One evening when my son returned from work he handed me a parcel saying his friend from Canada brought it for him, but actually it was for me. When I opened it I found a beautiful glass bottle of maple syrup, with a maple leaf engraved on it. Manoj had brought this for me seeing my cookery posts, and had this lovely thought of bringing this present.
Beautiful bottle of maple syrup
I was totally new to maple syrup, and was surprised by its mild sweetness and woody flavour. I was not familiar with recipes using maple syrup and again Manoj sent an outline of a recipe that he uses. I found that the maple syrup is not strong enough to overpower the distinct flavour of the Indian sweet potato. I have standardised the recipe but I have not used dates or dried fruits as suggested by Manoj as my son does not like them.
Cooking with mushrooms was almost unheard of in the urban and semi-urban areas of Tamil Nadu. Therefore, there are not many mushroom recipes available. But in the last 30 years or so cultivated mushrooms have come into the market and now button mushrooms are available in all the supermarkets and high-end vegetable markets. Now that it has taken the fancy of housewives, even Tamil recipe books have at least one mushroom recipe. I have always been fascinated by the Coorg area, and when I came across Cuisine from Coorg by Ranee Vijaya Kuttaiah, I immediately looked for mushroom recipe in her collection, and there it was, the Koomu Curry. I have taken the liberty of making it less spicy (less hot) and also changed the method of frying the masala to make it more flavourful to compensate for the earthy taste of the mushrooms. I have also made it easier by using powders rather than grinding whole spices.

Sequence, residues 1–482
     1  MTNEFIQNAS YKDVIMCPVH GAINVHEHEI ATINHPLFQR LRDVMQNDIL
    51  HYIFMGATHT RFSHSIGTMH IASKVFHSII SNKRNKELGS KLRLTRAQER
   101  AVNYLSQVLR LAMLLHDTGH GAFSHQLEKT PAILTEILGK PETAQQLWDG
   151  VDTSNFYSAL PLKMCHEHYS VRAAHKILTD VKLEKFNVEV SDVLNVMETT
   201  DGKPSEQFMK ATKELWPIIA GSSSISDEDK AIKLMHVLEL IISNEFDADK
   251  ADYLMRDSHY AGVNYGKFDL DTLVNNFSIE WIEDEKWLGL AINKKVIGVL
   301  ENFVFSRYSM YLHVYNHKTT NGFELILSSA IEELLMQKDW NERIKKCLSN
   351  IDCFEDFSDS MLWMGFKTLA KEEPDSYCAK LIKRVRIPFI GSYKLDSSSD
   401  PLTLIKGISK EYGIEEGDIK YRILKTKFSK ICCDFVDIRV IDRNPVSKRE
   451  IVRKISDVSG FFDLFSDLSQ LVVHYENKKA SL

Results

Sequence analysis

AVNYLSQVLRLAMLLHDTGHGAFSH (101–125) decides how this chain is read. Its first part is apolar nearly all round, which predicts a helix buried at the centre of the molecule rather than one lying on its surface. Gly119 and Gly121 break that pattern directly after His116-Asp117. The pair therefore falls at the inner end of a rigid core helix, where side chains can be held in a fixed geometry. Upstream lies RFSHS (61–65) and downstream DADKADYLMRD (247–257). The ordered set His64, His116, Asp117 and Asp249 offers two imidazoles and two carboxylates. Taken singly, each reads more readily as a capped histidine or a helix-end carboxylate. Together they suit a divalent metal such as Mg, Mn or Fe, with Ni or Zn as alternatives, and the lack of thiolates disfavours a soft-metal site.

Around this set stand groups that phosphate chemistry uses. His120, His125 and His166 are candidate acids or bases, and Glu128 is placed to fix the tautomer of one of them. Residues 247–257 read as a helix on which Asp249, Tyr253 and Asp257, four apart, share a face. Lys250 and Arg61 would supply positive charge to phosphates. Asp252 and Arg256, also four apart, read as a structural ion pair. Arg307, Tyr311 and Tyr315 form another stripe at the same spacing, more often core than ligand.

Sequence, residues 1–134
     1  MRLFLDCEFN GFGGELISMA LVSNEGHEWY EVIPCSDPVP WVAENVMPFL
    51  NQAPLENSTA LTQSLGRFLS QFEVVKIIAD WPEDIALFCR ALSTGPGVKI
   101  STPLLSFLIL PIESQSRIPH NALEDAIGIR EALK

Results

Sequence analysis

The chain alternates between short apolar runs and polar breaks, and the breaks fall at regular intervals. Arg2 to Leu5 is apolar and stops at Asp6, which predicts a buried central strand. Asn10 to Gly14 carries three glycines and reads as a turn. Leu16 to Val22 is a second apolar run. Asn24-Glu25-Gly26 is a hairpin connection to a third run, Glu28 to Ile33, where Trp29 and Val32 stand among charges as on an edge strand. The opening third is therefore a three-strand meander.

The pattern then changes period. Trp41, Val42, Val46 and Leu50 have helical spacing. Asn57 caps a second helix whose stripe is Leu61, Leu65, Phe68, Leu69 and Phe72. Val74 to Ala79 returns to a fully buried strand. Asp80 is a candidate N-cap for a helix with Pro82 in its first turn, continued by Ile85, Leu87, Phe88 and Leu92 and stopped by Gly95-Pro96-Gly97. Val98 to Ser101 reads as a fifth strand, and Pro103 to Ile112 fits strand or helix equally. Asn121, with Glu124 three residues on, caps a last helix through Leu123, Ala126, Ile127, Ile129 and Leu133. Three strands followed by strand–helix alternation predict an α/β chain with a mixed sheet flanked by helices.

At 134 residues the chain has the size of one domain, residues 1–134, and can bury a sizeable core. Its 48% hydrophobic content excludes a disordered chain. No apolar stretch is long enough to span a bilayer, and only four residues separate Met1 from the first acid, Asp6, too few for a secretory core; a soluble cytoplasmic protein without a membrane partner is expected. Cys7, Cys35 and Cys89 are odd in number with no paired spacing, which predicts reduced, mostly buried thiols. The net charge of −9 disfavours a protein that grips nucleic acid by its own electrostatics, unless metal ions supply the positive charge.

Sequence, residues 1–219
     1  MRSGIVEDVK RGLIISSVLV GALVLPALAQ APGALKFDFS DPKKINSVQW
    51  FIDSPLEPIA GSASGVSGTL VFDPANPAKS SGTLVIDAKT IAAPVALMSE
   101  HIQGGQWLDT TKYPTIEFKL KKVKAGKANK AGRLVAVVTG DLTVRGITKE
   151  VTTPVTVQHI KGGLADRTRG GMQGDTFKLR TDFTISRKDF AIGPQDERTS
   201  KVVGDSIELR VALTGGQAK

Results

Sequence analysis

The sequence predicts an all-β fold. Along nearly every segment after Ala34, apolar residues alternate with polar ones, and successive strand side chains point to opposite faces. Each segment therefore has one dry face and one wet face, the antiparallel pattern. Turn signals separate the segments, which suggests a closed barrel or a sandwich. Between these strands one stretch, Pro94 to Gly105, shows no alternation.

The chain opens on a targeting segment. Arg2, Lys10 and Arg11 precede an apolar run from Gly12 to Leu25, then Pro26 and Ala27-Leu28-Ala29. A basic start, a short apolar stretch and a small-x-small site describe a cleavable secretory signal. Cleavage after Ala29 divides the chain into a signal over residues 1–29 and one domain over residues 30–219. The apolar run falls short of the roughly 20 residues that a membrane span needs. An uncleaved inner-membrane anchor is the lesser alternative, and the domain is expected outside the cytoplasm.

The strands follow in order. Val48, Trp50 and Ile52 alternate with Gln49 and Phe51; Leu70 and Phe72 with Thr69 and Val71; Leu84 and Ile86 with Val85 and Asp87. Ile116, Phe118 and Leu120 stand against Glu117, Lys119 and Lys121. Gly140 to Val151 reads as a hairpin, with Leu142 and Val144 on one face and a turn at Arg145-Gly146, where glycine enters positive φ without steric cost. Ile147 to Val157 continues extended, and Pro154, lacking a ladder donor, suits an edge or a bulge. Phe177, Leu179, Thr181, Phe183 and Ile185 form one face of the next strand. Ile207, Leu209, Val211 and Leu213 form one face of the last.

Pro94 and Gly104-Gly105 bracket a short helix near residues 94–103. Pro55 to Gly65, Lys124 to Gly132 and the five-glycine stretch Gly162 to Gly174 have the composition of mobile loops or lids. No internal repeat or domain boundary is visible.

Tamilians include commonly available vegetables in non-vegetarian preparations to extend the dish and to add vitamins, minerals, and fibre to the diet. Prawns lend themselves to a variety of such combinations. Snake gourd (pudalankai) is a native vegetable easily grown in kitchen gardens and is mostly used in fries (poriyal) and dhal curry (kootu). With the highly priced prawn, the dish is elevated to a higher status, providing a most delicate and delicious combination of flavours.
In Thirunelveli (where I hail from) Adai is made traditionally by soaking rice, red gram dhal, and green gram dhal, and grinding these in a wet grinder. Red chillies are soaked in water the previous night and are ground along with the batter. I have always found it tedious to prepare adai for breakfast in this manner. One day I was wondering what to do with a cup of leftover dosai batter. A bulb flashed in my head and I thought why don’t I try to make adai using this batter with bengal gram dhal flour (kadalai maavu/basan) which is readily available in India and skip the time and labour involved in grinding. Apart from the batter, I have strictly followed the ingredients my mother used to use in the preparation of adai, including the oil.